> Could Too Little Salt Damage Your Health? - The Food Safety Company Could Too Little Salt Damage Your Health? - The Food Safety Company
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    Monday, 14 November 2016

    Could Too Little Salt Damage Your Health?


    It’s well-known that eating too much salt can damage a person’s health by causing high blood pressure, giving rise to a myriad of health problems. However, it’s perhaps a lesser-known fact that the opposite dietary move – under-consuming sodium – can also potentially be bad for you. In a similarly counter-intuitive way, athletes have been known to die from over-ingesting water (over-hydration), so perhaps this shouldn’t come as much of a surprise. Nevertheless, it does indeed seem that one can have too much of a good, low-salt thing. In both cases, the unfortunate person is unintentionally damaging their health while suspecting their intake is nothing but good for them. But it’s important to know how salt helps your body to function, and why it’s such a vital component of a healthy, balanced diet.

    Salt is a crucial electrolyte: a substance present in the blood which, according to Livestrong, ‘maintains proper water amounts in your body, balances blood acidity, allows for proper muscle action, and allows other important processes to occur.’ Some also claim sodium is an antihistamine and aids good sleep – although such claims are harder to verify.

    A 2015 study in Circulation Research considered the results of 300,000 subjects’ reactions to salted foods in their diets. It highlighted the fact that there are various ways in which too little salt is damaging to our health, and was unique for asserting a higher than expected recommended daily allowance. It built upon groundwork laid by a 2011 study in Metabolism, which asserted that too little salt increases insulin resistance – which can cause increased blood sugar and, ultimately, Type 2 Diabetes. Moreover, in a similar 2011 article in the American Journal of Hypertension, researchers found that people with existing heart problems were more likely to experience heart failure if they tried to alleviate their health problems with low-salt diets. Again, this might be considered counter-intuitive, given that it’s generally understood that the opposite should be the case.

    A possible blanket-term for health problems related to low levels of salt is ‘hyponatremia’, which is essentially defined as a condition wherein too little sodium is present in the blood. It can occur if you drink too much water, especially during sports, and can cause headaches, nausea, weakness, muscle aches, fatigue and cramps.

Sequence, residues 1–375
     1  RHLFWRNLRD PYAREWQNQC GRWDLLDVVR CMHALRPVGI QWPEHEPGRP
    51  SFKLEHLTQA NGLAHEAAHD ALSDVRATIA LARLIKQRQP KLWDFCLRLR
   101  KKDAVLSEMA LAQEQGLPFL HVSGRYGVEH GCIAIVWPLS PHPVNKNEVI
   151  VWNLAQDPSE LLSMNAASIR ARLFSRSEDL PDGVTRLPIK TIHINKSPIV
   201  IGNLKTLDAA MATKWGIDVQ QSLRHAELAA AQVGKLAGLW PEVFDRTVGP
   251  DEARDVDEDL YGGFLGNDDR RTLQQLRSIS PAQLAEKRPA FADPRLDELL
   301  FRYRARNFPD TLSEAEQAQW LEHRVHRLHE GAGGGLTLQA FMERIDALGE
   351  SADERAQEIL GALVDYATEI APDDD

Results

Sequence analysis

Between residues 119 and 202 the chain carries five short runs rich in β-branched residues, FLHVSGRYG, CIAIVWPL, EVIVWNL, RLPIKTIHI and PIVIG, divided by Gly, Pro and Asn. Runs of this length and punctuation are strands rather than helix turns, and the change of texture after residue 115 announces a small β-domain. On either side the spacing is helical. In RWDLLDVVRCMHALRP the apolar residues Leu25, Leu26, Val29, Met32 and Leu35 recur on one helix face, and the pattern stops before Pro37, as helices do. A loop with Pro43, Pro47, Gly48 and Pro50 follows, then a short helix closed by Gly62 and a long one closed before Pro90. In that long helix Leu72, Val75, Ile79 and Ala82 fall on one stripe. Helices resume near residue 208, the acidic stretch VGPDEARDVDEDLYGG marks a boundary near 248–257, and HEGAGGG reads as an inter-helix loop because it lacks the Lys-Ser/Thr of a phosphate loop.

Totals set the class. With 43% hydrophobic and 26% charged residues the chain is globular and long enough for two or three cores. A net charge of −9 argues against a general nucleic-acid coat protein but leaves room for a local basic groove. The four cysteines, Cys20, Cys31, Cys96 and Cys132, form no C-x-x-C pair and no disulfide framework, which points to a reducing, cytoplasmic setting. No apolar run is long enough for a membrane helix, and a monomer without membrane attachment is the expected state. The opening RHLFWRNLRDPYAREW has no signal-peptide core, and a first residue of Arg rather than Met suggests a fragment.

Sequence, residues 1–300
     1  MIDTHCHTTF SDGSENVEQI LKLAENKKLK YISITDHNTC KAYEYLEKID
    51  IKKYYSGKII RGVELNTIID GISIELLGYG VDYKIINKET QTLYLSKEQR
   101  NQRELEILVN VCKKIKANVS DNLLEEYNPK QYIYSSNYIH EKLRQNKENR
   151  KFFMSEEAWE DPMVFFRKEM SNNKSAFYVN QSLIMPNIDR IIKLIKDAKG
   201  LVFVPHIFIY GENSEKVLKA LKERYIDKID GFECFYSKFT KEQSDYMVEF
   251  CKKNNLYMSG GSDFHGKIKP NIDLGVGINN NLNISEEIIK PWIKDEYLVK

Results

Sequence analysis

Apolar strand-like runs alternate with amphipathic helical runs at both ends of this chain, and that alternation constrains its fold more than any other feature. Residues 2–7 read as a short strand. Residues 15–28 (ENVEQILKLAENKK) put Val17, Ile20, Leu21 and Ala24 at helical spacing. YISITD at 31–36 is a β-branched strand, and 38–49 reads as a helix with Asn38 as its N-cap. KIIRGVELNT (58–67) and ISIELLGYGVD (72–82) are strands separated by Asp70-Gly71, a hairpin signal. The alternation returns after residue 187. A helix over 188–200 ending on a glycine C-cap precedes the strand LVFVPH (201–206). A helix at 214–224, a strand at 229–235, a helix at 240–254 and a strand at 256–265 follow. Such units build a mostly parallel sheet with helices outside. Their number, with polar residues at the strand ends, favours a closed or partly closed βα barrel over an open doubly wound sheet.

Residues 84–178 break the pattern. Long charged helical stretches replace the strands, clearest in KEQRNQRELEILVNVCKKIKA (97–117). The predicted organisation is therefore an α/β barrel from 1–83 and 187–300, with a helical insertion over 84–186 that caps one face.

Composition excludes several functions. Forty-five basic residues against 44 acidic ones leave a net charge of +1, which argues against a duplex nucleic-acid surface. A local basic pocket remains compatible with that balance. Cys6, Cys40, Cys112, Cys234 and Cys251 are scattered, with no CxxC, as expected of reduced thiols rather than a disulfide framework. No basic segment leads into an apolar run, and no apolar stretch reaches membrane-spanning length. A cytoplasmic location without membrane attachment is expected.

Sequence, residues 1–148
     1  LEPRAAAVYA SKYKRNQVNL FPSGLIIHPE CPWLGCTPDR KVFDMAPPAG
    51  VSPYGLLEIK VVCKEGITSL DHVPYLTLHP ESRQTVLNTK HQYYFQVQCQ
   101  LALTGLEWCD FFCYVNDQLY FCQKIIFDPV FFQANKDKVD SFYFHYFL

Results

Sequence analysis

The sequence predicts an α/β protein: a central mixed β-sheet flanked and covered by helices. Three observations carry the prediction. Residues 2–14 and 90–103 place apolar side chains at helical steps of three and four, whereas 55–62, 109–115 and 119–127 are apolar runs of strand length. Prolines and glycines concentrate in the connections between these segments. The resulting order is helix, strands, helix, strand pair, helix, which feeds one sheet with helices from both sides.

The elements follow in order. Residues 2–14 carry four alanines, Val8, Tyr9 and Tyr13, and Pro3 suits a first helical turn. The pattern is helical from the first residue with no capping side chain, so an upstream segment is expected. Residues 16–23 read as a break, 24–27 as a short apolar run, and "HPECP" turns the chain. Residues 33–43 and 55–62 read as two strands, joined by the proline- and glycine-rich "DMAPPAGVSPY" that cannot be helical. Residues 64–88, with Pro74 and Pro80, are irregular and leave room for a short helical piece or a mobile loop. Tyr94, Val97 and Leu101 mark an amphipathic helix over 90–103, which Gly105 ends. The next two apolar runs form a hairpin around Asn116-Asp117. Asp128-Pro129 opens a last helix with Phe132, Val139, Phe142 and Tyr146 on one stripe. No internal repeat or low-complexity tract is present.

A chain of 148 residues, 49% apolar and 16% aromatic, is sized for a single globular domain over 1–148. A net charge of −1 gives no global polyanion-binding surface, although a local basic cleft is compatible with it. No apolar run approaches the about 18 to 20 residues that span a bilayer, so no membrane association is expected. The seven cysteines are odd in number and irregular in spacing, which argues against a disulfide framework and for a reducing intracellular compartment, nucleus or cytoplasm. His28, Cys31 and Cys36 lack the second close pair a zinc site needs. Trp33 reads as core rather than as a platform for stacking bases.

However, perhaps the most pertinent thing to consider is: how at-risk are we?  Well, it’s worth mentioning that, firstly, the above studies are debated widely – and more resources tend to be put into tackling the far more common health problems associated with over-eating salt. What’s more, it is actually quite hard to eat so little salt that you develop health problems. Salt is present in so many different foods that it is generally hard to keep track of how much you are eating, simply due to its apparent omnipresence – and, quite rightly, we are more aware of the fact that we should be vigilant not to over-eat salt than we should to avoid under-eating it.

    So, overall, the important thing is to consume roughly the recommended daily amount of 5 grams per day. However, it’s also important to be aware of the fact that such health advice does not mean that one should cut salt out of their diet altogether. The stuff has health benefits, and is also generally agreed to be necessary for warding off full-blown illnesses – although the exact problems one may encounter from under-eating salt seem to vary, or at least are subject to debate. So, eat salt, love salt, and spread the word: all things are good in moderation.


    James Stannard

    James has a Bachelor’s degree in History and wrote his dissertation on beef and protest. His heroes list ranges from Adele to Noam Chomsky: inspirations he’ll be invoking next year when he begins a Master’s degree in London.
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